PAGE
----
Talk to any women with a difficult-to-diagnose chronic pain condition, such as fibromyalgia or lupus, and she will probably tell you about at least one doctor who initially told her that her pain and other symptoms stemmed from depression or anxiety. She may even have been offered prescriptions for antidepressants or birth control pills (hormone therapy).
Unexplained symptoms blamed on hysteria
For hundreds of years, chronic pain in women was associated with hysteria, a term coined by Hippocrates in the 5th century BC. Doctors gave women this convenient diagnosis when they couldn’t identify the source of the pain.
In short, when doctors couldn’t see injuries, swelling, or other signs of medical problems, chronic pain was blamed on a woman’s disposition; she was depressed, stressed, anxious, overcome with a sense of perfectionism, or all of the above.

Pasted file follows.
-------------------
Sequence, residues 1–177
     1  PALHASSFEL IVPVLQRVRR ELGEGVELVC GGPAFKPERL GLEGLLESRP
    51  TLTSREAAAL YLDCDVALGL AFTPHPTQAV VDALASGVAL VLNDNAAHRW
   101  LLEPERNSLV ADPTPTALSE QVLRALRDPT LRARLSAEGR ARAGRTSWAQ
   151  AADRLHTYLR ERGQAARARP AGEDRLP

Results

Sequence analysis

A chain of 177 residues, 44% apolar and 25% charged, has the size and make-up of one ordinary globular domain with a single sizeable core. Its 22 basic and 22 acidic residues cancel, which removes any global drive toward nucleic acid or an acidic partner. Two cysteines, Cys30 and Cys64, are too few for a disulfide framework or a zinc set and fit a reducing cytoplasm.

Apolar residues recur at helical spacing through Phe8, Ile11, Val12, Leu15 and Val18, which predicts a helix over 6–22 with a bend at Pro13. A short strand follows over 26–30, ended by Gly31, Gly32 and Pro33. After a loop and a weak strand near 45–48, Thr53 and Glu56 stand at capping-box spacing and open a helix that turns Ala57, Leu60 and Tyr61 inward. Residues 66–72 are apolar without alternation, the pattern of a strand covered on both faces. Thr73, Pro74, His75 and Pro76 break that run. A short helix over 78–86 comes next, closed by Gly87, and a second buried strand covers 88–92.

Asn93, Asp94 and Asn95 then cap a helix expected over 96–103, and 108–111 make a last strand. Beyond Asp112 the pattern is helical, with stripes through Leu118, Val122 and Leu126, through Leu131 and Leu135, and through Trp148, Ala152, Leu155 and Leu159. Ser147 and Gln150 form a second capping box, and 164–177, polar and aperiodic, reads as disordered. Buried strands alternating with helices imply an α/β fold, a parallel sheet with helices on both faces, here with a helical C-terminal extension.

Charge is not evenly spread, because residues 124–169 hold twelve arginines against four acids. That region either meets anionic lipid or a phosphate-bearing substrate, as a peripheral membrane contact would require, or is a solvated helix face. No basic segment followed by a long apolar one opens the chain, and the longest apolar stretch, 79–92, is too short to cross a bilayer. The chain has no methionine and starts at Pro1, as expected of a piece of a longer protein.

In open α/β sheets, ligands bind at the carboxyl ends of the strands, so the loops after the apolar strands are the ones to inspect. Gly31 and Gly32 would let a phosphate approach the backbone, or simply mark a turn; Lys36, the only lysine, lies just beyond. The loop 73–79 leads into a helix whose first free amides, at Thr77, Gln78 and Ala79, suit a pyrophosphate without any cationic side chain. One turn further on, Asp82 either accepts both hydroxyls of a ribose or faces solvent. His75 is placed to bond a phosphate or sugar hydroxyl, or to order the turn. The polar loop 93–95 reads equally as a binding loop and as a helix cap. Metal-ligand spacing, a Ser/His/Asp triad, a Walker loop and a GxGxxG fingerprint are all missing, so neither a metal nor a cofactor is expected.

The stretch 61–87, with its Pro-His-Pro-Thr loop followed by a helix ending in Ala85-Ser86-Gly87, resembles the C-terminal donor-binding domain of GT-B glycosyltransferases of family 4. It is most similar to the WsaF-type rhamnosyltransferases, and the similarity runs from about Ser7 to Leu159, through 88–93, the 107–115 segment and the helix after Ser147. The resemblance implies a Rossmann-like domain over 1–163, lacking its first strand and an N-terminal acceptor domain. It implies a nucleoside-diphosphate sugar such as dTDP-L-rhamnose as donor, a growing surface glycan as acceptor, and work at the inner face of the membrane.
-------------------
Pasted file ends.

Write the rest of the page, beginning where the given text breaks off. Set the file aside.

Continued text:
Identifying the real sources of chronic pain
Medical experts removed hysteria from their diagnostic textbooks in 1980. Over time, they have formally recognized seemingly invisible conditions that cause chronic pain, such as fibromyalgia, chronic migraines, lupus, and interstitial cystitis. Better yet, they have developed diagnostic criteria and medical tests and imaging to help accurately diagnose patients.
The challenge for female patients
While progress is being made, the underlying idea that pain is all in women’s heads still persists in some doctors’ offices today, and diagnosing many chronic conditions is still frustratingly difficult.
Advocate for yourself
A woman seeking a diagnosis for her chronic pain may need to get second and third opinions. She may need to talk to her doctor about running blood tests or ordering medical imaging to help rule out certain conditions.
Patients should never be afraid to advocate for themselves. Good doctors will not dismiss symptoms and will engage in clear and honest communication.
Don’t ignore recommendations to reduce depression, stress, and anxiety
In turn, female patients (and male patients, too) should not object to doctors' recommendations to reduce depression, stress, and anxiety through activities such as exercise, meditation, and improved diet. While these recommendations may not address the underlying cause of chronic pain, they can help alleviate pain.